• 43. Get out of your office!
  • 44. InterviewsFocus groupSurveysParticipant observationObservation
  • 45. 1. The Problem interviewPurpose: To determine that the problem you are solvingis a large pain point for the target customer2. The Solution interviewPurpose: To determine that the solution you haveproposed is of value to the target customer and they arewilling to pay to solve the problem sin that way.
  • 46. Quantitative Analysis30-60 interviews are considered statistically significant.Consider infographics: Identifying customer problems n = 59 45 40 35 30 25 20 15 10 5 0 Sharing takes External No free time time demand
  • 47. Quantitative Analysis
  • 48. Qualitative AnalysisHigh-value testimonials: “There is nothing more important to me thansharing memories with my family.” “I can’t tell you how frustrating it is to post photosand videos to, like, three different platforms everyweek cause my uncle doesn’t understand how to useDropbox.”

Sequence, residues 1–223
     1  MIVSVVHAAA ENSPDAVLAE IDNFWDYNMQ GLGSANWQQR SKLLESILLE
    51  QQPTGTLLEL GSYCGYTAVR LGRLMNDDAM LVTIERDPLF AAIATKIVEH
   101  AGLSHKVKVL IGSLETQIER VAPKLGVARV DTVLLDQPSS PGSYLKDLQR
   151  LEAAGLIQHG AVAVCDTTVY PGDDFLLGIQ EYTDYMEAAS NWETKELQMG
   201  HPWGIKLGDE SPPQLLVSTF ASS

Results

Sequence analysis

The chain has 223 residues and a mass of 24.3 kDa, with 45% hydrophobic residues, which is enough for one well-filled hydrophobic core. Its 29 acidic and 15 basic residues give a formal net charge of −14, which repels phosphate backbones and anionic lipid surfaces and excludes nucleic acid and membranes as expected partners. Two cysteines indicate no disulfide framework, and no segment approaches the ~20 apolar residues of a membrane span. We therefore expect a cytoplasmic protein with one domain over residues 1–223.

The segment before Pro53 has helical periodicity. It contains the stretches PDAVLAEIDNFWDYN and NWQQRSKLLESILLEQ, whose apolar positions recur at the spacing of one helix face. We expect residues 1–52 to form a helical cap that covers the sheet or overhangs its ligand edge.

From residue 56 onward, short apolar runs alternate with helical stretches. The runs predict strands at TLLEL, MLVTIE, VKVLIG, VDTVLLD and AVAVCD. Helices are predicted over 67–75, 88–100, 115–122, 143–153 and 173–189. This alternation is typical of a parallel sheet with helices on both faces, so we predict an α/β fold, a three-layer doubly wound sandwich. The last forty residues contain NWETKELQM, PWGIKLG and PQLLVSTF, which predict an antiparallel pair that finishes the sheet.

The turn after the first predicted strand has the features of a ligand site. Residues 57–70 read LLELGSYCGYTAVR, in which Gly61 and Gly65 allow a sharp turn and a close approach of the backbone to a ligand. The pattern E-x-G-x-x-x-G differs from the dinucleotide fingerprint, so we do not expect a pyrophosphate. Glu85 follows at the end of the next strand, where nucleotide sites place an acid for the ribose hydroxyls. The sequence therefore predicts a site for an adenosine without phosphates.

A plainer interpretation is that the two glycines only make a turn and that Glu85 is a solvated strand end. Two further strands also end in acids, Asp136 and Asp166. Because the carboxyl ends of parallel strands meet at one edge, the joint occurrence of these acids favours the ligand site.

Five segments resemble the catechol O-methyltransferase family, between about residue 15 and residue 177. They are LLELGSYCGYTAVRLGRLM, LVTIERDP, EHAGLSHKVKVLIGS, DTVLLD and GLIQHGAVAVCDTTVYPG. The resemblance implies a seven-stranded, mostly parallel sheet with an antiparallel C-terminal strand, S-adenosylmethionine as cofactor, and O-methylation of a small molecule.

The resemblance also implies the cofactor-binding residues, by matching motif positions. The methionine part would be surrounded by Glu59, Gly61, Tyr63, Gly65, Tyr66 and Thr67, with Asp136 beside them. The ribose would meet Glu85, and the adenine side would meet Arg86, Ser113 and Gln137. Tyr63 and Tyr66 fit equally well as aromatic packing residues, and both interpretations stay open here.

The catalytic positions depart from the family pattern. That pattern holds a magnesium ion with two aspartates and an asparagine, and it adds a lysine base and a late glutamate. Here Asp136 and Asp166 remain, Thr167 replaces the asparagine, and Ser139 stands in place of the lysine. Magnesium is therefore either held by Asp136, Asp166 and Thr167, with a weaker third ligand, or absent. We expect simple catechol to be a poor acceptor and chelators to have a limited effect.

• 49. Qualitative:"Body language, intonation:"
  • 50. Day in the Life Scenario Before Current Problem situation encountered & & desired economic outcome consequences AfterErnie: Enabling Newfixes factors of outcomes andairplanes your economic product rewards
  • 51. Secondary Market Research 1. Access to reports/data from 20 databases 2. Access to industry analysts through inquiry Industry specific time Multiple Industry vendors coverage vendors IDC Frost & Sullivan Forrester BCC Research Gartner Total Patents Lux Research Delphion/Thomson Cleantech Group LLC Innovation Aggregator of Thomson Pharma other vendor Datamonitor MedTrack resources Venture Source Business Insights Chemical Abstracts IMS Dialog Pro Market Research Factiva Meltwater NewsU of T- $ 50 M Key: Red – ICT collection Green – Cleantech & Nanotech Blue – Life Sciences